The Role of Awareness for Complex Planning Task Performance: A Microgaming Study

The Role of Awareness for Complex Planning Task Performance: A Microgaming Study

Heide Lukosch (Delft University of Technology, Delft, Netherlands), Daan Groen (InThere, The Hague, Netherlands), Shalini Kurapati (Delft University of Technology, Delft, Netherlands), Roland Klemke (Open University of the Netherlands, Heerlen, Netherlands) and Alexander Verbraeck (Delft University of Technology, Delft, Netherlands)
Copyright: © 2016 |Pages: 14
DOI: 10.4018/IJGBL.2016040102
OnDemand PDF Download:
$30.00
List Price: $37.50

Abstract

This study introduces the concept of microgames to support situated learning in order to foster situational awareness (SA) of planners in seaport container terminals. In today's complex working environments, it is often difficult to develop the required level of understanding of a given situation, described as situational awareness. A container terminal represents an important, complex node in the multimodal transportation of goods. Many operations have to be planned in order to ensure a high performance of the whole system. To evaluate the relation between SA and planning task performance, the authors conducted tests with 142 participants. They evaluated the role of SA in integrated planning activities, and the playability and usefulness of the microgame. In conclusion, the authors can state that SA is very conducive to integrated planning tasks in container terminal operations. The microgame approach allows for an enjoyable game activity, while providing a meaningful situated learning experience towards SA.
Article Preview

Introduction

A lot of working environments today show characteristics of complex socio-technical systems, consisting out of complex physical-technical systems and networks of interdependent actors (De Bruijn & Herder, 2009). These systems are characterized as increasingly interconnected, and their infrastructures composed of different technological layers inter-operate within the social component that drives their use and development (Vespignani, 2012). For example, a container terminal can be defined as a complex socio-technical system, being an important node in the worldwide transportation network, connecting different modalities of transportation and storing goods (Saanen, 2004). Related to these characteristics, the planning of operations in a container terminal is complex, dynamic and interdependent. Operations that have to be planned are e.g. the location and time of an arriving vessel, the loading and unloading of the vessel, and the further storing or transportation of the goods from the vessel. Current planning practice involves a decomposition of single planning tasks, conducting them in a sequential manner. This approach leads to sub-optimal results, while the container industry is highly competitive, and time, money and quantity of goods handled play an important role (Zeng & Yang, 2009). Such dynamic, complex, and technology dependent work environment requires employees with adaptive skills (Penney, David, & Witt, 2011), characterized by the ability to handle dynamic situations, to deal with stressful events, to manage crisis situations, and to navigate unfamiliar or unpredictable work situations (Pulakos, Arad, & Donovan, 2000). Furthermore, it requires a holistic understanding of what is going on within the container terminal, called situational awareness (SA) (Endsley, 1995). SA and multi-stakeholder decision situations (confronted with time restrictions and incomplete information such as emergencies) have been recognised as a relevant field for specific training approaches involving tabletop exercises (Dowell & Hoc, 1995), non-computerized tactical decision training games (Crichton et al., 2000), or multi-user mobile games for shared decision training (Klemke et al., 2014). In our study, we introduce a novel approach to learning in complex socio-technical systems called microgaming. We show how one microgame is used to support the development of SA of the actors involved in a complex system, and how this could influence planning task performance. In the following section, we briefly illustrate why SA is important for actors in complex, socio-technical systems, before we introduce our concept of microgames. In the fourth section, we represent our study with a microgame, before we end up with a discussion and conclusions.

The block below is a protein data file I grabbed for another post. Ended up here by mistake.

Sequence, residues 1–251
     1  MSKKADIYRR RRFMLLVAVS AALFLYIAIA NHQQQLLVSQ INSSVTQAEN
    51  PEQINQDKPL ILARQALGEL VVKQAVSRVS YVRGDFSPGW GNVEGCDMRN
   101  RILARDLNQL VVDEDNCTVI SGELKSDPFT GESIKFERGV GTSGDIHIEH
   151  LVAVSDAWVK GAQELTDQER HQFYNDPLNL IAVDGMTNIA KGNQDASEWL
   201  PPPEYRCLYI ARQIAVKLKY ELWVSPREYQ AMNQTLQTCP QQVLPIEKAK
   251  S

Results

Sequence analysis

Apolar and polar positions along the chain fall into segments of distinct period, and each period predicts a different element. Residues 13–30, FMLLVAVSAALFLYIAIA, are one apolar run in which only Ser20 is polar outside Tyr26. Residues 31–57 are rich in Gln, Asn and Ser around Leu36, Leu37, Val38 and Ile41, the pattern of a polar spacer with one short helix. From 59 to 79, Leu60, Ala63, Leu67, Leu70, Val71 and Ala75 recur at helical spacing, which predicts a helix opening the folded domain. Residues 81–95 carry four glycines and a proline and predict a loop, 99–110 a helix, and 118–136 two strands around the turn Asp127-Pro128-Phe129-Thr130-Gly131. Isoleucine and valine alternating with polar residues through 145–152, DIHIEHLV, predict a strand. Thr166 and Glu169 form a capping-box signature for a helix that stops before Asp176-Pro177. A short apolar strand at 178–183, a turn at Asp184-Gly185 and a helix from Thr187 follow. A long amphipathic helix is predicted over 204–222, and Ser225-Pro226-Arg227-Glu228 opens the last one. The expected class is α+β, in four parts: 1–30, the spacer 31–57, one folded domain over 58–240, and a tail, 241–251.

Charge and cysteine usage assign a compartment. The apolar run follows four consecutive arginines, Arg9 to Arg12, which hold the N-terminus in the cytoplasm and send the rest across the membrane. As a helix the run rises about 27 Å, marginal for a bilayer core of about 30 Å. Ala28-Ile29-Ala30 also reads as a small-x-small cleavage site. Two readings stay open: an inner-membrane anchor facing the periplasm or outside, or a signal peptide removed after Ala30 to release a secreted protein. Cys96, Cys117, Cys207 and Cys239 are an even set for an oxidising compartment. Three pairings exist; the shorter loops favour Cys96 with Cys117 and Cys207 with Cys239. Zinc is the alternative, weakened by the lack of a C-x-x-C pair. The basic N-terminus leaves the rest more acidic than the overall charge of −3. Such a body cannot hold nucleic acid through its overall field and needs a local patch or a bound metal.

Complete Article List

Search this Journal:
Reset
Open Access Articles: Forthcoming
Volume 7: 4 Issues (2017)
Volume 6: 4 Issues (2016)
Volume 5: 4 Issues (2015)
Volume 4: 4 Issues (2014)
Volume 3: 4 Issues (2013)
Volume 2: 4 Issues (2012)
Volume 1: 4 Issues (2011)
View Complete Journal Contents Listing